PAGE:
Dengue is a mosquito-borne illness caused by the dengue virus. The virus is transmitted to humans through the bite of an infected Aedes aegypti mosquito. The mosquito is found in tropical and subtropical regions around the world.
The dengue virus causes dengue, a member of the Flavivirus family. The dengue virus has four different serotypes: DEN-1, DEN-2, DEN-3, and DEN-4. A person can be infected with any of the four serotypes, and once infected, they will be immune to that serotype for life. However, they can still be infected with the other serotypes.
The dengue virus is a small, enveloped RNA virus. It is transmitted to humans through the bite of an infected Aedes aegypti mosquito. The mosquito becomes infected when it bites an infected person. The virus then replicates in the mosquito’s salivary glands and is transmitted to the next person the mosquito bites.
Dengue is a significant public health problem in tropical and subtropical regions worldwide. The World Health Organization (WHO) estimates that 390 million dengue infections worldwide yearly. Of these, 96 million people will develop symptoms, and 40,000 will die.
Dengue is most common in Southeast Asia, the Caribbean, and Central and South America. However, it is also found in Africa, the Middle East, North America, and Europe.
The incidence of dengue is increasing due to several factors, including:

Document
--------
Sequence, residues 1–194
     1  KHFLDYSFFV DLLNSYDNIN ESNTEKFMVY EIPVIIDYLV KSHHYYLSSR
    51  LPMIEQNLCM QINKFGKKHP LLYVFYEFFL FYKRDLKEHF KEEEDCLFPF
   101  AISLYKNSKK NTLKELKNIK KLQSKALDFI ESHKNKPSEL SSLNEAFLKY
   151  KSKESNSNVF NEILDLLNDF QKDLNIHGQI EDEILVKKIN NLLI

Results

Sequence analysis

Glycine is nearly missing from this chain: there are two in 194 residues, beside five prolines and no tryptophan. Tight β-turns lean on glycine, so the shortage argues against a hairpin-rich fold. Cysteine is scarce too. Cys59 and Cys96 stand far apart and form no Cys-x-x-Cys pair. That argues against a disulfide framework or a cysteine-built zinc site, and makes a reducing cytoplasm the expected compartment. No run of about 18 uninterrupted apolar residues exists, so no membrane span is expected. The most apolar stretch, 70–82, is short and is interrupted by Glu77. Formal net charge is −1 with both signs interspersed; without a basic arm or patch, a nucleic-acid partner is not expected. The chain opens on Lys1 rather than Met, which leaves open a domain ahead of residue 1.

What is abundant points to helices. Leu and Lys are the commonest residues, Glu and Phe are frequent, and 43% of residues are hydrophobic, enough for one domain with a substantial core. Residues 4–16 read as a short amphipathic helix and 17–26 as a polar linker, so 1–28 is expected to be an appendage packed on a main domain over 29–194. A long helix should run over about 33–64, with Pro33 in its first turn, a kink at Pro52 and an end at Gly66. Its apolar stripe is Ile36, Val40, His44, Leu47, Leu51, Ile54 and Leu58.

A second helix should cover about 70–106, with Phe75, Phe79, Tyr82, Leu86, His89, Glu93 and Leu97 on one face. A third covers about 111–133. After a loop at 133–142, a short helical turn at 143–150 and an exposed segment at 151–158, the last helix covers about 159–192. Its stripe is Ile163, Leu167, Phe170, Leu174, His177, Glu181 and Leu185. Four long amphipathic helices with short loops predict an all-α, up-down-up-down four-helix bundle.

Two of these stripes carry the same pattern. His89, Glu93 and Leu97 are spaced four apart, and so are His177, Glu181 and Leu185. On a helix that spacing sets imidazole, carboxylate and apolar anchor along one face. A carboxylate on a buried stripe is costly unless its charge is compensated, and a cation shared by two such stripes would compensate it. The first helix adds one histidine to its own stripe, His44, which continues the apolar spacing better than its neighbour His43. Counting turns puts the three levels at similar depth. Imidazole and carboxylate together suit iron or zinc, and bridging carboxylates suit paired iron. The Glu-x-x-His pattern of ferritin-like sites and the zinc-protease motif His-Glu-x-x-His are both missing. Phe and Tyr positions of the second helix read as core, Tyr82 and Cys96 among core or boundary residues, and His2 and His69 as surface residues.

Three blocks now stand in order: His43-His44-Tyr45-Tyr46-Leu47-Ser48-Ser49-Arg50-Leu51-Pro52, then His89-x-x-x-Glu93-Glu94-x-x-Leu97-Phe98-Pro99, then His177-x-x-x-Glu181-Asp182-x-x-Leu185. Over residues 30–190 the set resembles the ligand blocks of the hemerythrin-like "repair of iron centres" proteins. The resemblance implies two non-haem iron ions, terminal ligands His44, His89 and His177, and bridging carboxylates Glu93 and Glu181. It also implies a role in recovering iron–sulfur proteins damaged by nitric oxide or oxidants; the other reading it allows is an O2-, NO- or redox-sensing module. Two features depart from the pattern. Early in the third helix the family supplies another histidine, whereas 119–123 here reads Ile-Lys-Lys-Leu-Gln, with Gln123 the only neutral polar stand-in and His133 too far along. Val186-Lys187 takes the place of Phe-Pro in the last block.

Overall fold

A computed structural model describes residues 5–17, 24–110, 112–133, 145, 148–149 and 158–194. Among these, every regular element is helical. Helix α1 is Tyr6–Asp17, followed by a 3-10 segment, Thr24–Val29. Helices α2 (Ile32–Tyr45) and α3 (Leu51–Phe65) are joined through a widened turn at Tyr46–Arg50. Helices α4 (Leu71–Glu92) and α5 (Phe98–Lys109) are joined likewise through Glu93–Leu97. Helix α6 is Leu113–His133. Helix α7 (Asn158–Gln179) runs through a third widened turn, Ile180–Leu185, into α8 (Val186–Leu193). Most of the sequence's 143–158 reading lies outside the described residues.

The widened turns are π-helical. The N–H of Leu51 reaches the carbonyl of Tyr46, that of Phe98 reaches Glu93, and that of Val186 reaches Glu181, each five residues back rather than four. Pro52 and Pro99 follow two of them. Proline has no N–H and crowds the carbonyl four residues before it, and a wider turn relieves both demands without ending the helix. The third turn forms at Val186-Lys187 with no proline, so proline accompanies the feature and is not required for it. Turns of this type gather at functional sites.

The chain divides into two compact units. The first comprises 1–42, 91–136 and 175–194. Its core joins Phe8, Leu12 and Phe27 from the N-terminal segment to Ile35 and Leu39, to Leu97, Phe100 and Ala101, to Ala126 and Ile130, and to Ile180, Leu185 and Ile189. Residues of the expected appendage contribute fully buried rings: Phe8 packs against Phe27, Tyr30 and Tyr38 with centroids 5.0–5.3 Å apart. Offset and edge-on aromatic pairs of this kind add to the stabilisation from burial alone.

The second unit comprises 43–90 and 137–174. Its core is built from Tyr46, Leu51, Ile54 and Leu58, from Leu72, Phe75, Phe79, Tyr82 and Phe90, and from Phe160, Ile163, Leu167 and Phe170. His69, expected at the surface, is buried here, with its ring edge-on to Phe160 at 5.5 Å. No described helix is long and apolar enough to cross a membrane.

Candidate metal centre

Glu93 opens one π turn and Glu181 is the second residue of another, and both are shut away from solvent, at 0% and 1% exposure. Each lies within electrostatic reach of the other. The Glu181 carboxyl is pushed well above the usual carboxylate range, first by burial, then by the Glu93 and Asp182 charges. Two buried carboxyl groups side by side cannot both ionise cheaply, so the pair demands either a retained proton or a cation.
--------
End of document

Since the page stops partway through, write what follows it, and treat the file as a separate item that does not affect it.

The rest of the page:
- Increased travel and trade
- Changes in climate
- Poor sanitation
- Lack of mosquito control
The symptoms of dengue typically appear 4-7 days after the bite of an infected mosquito. The symptoms can be mild or severe and vary from person to person.
The most common symptoms of dengue fever include:
- High fever
- Body aches
- Severe fatigue
Sometimes, dengue fever can develop into a more severe form called dengue hemorrhagic fever (DHF). DHF is a life-threatening condition characterized by bleeding, low blood pressure, and shock.
There is no specific treatment for dengue fever. However, several things can be done to manage the symptoms and prevent complications. These include:
- Pain relievers
In cases of severe dengue, hospitalization may be necessary. Treatment for DHF may include:
- Intravenous fluids
- Blood transfusions
- Platelet transfusions
The most severe complication of dengue fever is dengue hemorrhagic fever (DHF). DHF is a life-threatening condition characterized by bleeding, low blood pressure, and shock.
Other complications of dengue fever include:
- Dengue shock syndrome
The best way to prevent dengue fever is to avoid mosquito bites. This can be done by:
- Wearing long sleeves and pants
- Using insect repellent
- Sleeping under a mosquito net
- Eliminating mosquito breeding grounds
There is currently no vaccine available for dengue fever. However, several clinical trials are underway to develop a vaccine.